from Africa in Transition

Press Freedom in South Africa

February 02, 2012

Blog Post

More on:

Sub-Saharan Africa

South Africa

Corruption

Heads of State and Government

Political Movements

Relations between South Africa’s governing coalition led by the African National Congress (ANC) and the mostly white-owned press have been edgy from the beginning of post-apartheid South Africa. They worsened under President Thabo Mbeki and current president Jacob Zuma.

The tension is the result of a fundamental disconnect. The press argues that it has the responsibility to print the unfettered truth, no matter how embarrassing it might be to personalities in power. The ANC leadership believes that the press should mute its criticism and promote a socially transformative agenda. Though the Democratic Alliance is a credible, formal opposition in South Africa’s parliament, the ANC majority is so huge the press, in effect, often functions as an opposition. (There is media sympathetic to the ANC, but it is smaller.)

To curb what it sees as press irresponsibility, the ANC government has sponsored a “Protection of Information” bill. The ANC sees the legislation as necessary to protect the state and guard “national interests,” which it does not define. Opponents – who include much of the traditional Great and Good, such as Archbishop Desmond Tutu and Nelson Mandela’s office – fear that the press will be effectively muzzled. The legislation passed the lower house in late 2011. It still must be passed by the upper house and signed by the president. Hence, there is still time for significant amendments.

There may be a new wrinkle. Public awareness of corruption, especially in the public sector, appears to be growing. The Congress of South African Trade Unions and the South African Communist Party, junior partners to the ANC in the government, have launched an anti-corruption initiative called Corruption Watch. Transparency International’s 2011 corruption index ranked South Africa sixty-four out of 183 countries, not so bad, except that it also showed that a majority of public perceive the public sector as corrupt.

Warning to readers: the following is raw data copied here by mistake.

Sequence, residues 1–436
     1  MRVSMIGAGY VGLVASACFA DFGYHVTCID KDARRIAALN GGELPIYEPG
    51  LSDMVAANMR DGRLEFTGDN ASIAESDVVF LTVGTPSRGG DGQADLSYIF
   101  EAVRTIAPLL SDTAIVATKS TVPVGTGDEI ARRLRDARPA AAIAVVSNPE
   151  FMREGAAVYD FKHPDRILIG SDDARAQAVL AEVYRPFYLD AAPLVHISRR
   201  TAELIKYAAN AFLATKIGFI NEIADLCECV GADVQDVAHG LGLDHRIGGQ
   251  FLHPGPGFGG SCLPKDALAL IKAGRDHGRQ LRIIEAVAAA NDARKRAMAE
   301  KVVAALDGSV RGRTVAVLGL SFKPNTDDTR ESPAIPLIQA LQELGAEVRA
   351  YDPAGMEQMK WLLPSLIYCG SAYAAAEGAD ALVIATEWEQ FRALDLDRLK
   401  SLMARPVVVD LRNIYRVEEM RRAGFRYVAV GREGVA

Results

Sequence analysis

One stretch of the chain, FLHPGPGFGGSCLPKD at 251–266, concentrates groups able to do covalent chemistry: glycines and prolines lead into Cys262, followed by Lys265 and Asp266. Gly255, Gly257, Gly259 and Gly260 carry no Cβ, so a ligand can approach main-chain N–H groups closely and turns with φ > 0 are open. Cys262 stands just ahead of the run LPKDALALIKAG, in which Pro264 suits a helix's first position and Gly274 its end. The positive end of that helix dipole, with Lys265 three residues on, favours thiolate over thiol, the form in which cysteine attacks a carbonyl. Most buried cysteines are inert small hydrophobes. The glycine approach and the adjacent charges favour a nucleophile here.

The press has been the most successful corruption watch dog. There is concern that the Protection of Information bill, by muzzling the press, could reduce its role. At public hearings on the bill in the huge township of Gugulethu and Thembalethu outside Cape Town, speakers linked the proposed legislation to the press and its increasing exposure of corruption. The Democratic Alliance, firmly opposed to that legislation, is seeking to capitalize on heightened unease about corruption.

There is nothing new about corruption in South Africa, though it is perhaps less open than in other countries. But, under the apartheid National government, there were kickbacks and other contracting irregularities. Most South Africans appear to believe that corruption has become worse over the past decade. The disunity of the ANC and the personal factions that increasingly dominate its internal politics may mean that more evidence of corruption seeps out than earlier. Rising popular concern about corruption could become an important wild card in South African politics.

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